We were surrounded by hawks and I was reading a book called H is for Hawk. I marvelled at the wildness around me while the narrator recoiled at the wildness she discovered within. Our day was fraught with coincidence it seemed.
We had stopped at the end of Goose Lake road to get cell service and were searching eBird for possible sightings of sandhill cranes overnighting in fields when a rusty Ford pulled up beside us.
“How’s the road?” asked a guy sporting the kind of beard hipsters only wish they could grow although he made it famous long before the term was coined.
“Oh, it’s good,” Gary replied. “Grader was up there yesterday. There’s a few cherries in spots but otherwise-it’s good.”
Impressive beard man sized us up then raised his eyebrows as he noticed Gary’s camera; we offered that we were looking for sandhills.
“Well, you’re on the wrong road then,” he stated. He then told us exactly where to go to find the birds. The directions were lengthy and rapid; we must have looked confused.
“C’mon,” he said. “I’ll show you.” And he ripped off down the road with us in pursuit. He drove faster than a greased ape-at least that seemed like an expression he might use. I barely had time to start worrying about following a stranger lord knows where…
Eventually, he took us to the end of a driveway where he said he was sure they’d let us search but he had to get back to his place to keep track of Abner who weighed about 800 pounds and didn’t get around too good. I pictured an infirm brother for a few minutes till he brought out some photos and here was Abner the pig, posing beside his buddy.
“He just showed up under my dog one day,” he said.
“Hmmm,” I thought, “Good story.”
Abner was indeed huge-800 pounds huge. Then Ford man jumped in his truck and said, “C’mon in- I’ll introduce you.”
And we followed (with me praying, “Please don’t let your last name be Pickton.”)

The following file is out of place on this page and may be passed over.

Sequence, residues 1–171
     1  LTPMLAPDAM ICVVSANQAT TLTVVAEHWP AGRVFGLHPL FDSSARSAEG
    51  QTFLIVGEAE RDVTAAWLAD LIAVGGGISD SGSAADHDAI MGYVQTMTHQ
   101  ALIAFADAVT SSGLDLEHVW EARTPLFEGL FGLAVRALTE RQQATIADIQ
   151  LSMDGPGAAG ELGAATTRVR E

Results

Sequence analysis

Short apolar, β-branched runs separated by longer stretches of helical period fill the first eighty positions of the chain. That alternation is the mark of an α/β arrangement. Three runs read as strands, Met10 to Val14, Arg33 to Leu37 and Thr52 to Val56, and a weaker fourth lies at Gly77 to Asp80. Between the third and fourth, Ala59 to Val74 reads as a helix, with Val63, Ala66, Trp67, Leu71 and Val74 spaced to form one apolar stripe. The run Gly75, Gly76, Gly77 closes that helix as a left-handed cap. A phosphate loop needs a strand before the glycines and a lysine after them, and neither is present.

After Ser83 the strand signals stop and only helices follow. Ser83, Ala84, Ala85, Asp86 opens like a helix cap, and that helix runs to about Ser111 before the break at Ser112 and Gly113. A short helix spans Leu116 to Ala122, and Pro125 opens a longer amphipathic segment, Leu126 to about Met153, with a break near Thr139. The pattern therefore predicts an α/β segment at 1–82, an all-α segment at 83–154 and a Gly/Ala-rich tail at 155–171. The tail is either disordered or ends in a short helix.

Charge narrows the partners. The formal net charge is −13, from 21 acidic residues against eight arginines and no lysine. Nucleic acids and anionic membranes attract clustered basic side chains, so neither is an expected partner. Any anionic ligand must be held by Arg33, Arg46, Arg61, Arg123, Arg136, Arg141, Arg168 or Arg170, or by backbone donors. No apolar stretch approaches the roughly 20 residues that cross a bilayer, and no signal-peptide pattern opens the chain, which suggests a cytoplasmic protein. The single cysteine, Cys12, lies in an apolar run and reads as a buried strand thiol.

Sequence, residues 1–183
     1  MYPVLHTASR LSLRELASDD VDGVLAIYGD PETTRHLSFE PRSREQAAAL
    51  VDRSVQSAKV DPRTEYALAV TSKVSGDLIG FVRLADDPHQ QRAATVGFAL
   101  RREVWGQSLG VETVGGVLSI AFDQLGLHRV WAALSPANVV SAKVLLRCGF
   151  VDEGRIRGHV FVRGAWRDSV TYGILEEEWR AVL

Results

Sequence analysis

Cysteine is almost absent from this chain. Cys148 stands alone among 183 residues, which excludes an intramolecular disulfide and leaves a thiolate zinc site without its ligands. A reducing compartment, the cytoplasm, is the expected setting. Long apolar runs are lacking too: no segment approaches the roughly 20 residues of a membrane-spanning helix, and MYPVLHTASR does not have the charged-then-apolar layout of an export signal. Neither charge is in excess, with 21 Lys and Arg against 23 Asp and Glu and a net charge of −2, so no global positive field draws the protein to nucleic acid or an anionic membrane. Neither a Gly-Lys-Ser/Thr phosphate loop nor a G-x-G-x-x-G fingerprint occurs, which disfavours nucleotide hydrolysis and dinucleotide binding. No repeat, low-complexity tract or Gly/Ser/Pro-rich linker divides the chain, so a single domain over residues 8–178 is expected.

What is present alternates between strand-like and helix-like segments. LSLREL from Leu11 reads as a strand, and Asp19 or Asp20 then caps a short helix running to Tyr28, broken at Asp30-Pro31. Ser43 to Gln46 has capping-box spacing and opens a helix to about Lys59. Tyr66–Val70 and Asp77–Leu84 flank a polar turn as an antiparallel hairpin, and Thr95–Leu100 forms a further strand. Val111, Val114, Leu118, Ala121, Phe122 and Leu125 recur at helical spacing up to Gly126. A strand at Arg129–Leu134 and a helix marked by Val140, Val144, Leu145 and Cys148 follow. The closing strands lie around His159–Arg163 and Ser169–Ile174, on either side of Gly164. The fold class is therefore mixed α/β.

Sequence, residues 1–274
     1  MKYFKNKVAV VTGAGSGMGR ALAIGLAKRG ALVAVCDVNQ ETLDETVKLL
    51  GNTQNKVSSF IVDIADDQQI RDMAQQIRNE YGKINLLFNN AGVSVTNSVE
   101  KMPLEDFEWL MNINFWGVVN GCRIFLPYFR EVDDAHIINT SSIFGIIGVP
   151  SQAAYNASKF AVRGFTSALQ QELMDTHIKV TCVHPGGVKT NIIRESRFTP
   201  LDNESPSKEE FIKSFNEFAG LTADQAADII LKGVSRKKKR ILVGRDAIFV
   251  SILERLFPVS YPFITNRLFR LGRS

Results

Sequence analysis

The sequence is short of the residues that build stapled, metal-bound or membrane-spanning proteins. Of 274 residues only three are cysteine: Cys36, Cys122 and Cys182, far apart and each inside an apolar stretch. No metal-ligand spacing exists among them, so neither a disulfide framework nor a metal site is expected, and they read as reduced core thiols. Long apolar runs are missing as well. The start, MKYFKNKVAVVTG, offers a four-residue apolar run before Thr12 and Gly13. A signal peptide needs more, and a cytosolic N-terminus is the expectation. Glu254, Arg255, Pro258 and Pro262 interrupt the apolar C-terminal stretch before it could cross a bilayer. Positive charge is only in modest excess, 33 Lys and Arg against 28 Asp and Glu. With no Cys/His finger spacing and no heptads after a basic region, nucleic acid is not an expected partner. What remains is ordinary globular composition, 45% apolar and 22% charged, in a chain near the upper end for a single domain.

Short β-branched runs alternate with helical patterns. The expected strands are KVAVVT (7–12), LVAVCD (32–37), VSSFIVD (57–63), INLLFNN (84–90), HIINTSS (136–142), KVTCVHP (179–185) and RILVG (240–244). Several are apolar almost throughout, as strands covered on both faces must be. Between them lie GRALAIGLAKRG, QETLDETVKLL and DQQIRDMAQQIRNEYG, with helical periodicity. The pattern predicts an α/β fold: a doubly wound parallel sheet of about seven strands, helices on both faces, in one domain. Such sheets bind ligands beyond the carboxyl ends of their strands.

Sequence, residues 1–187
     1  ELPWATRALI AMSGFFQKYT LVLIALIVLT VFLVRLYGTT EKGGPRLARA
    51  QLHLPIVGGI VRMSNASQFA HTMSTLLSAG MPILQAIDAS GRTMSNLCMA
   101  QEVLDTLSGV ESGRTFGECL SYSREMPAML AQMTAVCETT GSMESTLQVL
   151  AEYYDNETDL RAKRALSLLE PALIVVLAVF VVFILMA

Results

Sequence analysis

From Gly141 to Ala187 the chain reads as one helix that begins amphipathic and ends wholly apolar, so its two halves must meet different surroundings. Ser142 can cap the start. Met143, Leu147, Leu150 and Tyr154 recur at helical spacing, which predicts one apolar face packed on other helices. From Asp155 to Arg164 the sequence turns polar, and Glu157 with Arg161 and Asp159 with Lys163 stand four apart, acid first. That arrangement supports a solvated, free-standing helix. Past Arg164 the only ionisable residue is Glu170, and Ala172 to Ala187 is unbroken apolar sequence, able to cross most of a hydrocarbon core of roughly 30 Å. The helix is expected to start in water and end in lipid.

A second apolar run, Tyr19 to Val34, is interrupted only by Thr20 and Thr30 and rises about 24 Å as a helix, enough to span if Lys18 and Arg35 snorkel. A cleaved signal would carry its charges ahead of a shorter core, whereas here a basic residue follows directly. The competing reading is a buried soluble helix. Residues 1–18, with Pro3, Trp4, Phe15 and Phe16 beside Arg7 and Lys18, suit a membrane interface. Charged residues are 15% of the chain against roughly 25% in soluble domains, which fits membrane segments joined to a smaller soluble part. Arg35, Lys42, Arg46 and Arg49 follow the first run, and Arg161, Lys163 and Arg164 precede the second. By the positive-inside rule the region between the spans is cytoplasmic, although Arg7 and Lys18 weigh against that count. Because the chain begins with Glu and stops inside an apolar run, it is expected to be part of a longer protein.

There was a lovely woman at the house-all alone on a cattle ranch-five daughters and one husband later-over from Austria as a girl, living first in Pincher creek Alberta near some Hutterites whose houses she and her siblings migrated to at mealtimes-oh, they made lovely food.
Anyway, our crane whisperer had to go look after his pig so we visited with the rancher and got the lowdown on the cranes who just happened sometimes to land in the pond behind her house. We were welcome to come wandering that evening or the next day.
“Stop in anytime,” she said to two people she’d just met. My fears about our guide dissolved somewhat.
Later that day we returned but saw no cranes. We did, however, get a call from Gary’s work dispatcher as we were sitting in the same cell range spot on Goose Lake Road.
“See those trailers down there?” he asked. “I lived in one of those for three years.”
“Oh, you know Fred then?”
“Yep. He still got that monster pig? It just wandered into his yard as a piglet one day, laid itself down next to his dog-never left.”
“Oh, so it’s true,” I thought. I guess it had to be. How do you make that stuff up?
Could you make up a story about hunting for sand hill cranes and then meet a guy who knew a lady who used to live in Austria but now ranches in Kamloops on a place where sandhill cranes land in a pond that dries up about three days after the cranes fly north?
Maybe, but I didn’t.
PS-the cranes in this shot were on another ranch. We never did see any where we thought we would but it hardly mattered.
Photo by Gary Sobchak